Prof. Emeritus Richard Steinitz’s György Ligeti: Music of the Imagination, published in 2003 by Faber & Faber in London and Northwestern University Press in the USA (where it won an award for ‘excellence’ from the American Society of Composers, Authors and Publishers in 2004), has just been reissued by Faber & Faber in paperback. Meanwhile, there is a plan to commission a Hungarian translation to be published by the former state publisher Editio Musica Budapest. If this goes ahead, the text will be extended to cover Ligeti’s final years and all the data section brought up to date.
As the sketches of Ligeti’s mature compositions became available just as Richard was finishing his original text, he has since made more detailed studies, notably of the Horn Trio and Piano Concerto, for which he has identified more than fifty of Ligeti’s abandoned attempts to compose its first page. This has resulted in an extended analytical chapter, ‘A qui un homage? Genesis of the Piano Concerto and the Horn Trio’, in a new Ligeti anthology, György Ligeti: of Foreign Lands and Strange Sounds, edited by Louise Duchesneau and Wolfgang Marx (Boydell Press 2011).
In March 2012 Richard gave the keynote paper at a Ligeti Conference held at Senate House, London University, an expanded version of which, ‘The Study of Composers’ Sketches, and an Overview of those by Ligeti’ has been published in Contemporary Music Review, Volume 31 Parts 2–3, 2012.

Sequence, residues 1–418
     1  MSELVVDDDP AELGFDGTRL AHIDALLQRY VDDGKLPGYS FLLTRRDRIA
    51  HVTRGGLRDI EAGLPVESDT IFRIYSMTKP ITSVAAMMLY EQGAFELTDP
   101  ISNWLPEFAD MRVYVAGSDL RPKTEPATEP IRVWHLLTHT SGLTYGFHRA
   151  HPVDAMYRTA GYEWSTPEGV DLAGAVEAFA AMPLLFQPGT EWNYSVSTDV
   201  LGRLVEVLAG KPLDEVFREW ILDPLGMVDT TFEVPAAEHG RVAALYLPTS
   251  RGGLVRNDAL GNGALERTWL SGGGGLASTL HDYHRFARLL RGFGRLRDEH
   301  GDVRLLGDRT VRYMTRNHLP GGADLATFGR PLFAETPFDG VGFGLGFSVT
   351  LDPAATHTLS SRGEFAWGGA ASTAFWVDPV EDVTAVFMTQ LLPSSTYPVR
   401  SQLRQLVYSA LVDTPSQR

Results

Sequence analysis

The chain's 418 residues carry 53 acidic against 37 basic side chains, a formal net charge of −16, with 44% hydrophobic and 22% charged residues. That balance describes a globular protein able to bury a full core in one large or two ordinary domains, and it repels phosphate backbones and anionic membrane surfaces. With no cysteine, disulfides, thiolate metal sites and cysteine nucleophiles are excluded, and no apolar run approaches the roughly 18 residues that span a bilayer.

In July 2013, he gave the keynote paper at a Ligeti Symposium in Szombathely, Hungary, as part of the annual Bartók Festival. Entitled ’Scepticism and Curiosity: the Aesthetics of Enchantment’, it is due to be published along with other papers (probably by Ashgate) in 2014. In September he introduced Ligeti’s opera Le Grand Macabre in Oslo, invited by Norwegian State Opera on the occasion of its first Norwegian staging. In October he contributed to a 3-day Ligeti Festival and Symposium at Florida State University, USA, and delivered another paper on the Horn Trio prior to its performance in one of five Ligeti concerts, presented to an impressively high standard entirely by professors and advanced students.
As many will know, Richard’s Explosions in November: the first 33 years of Huddersfield Contemporary Music Festival, on which he had been working for eight years, was finally published by Huddersfield University Press in 2011, as a handsomely designed large format volume containing numerous photographs. As an adjunct, he is now completing the transcription and editing of interviews and conversations with some of the world’s leading composers recorded at the festival between 1989 and the present. This is also planned for publication by the University Press in 2014.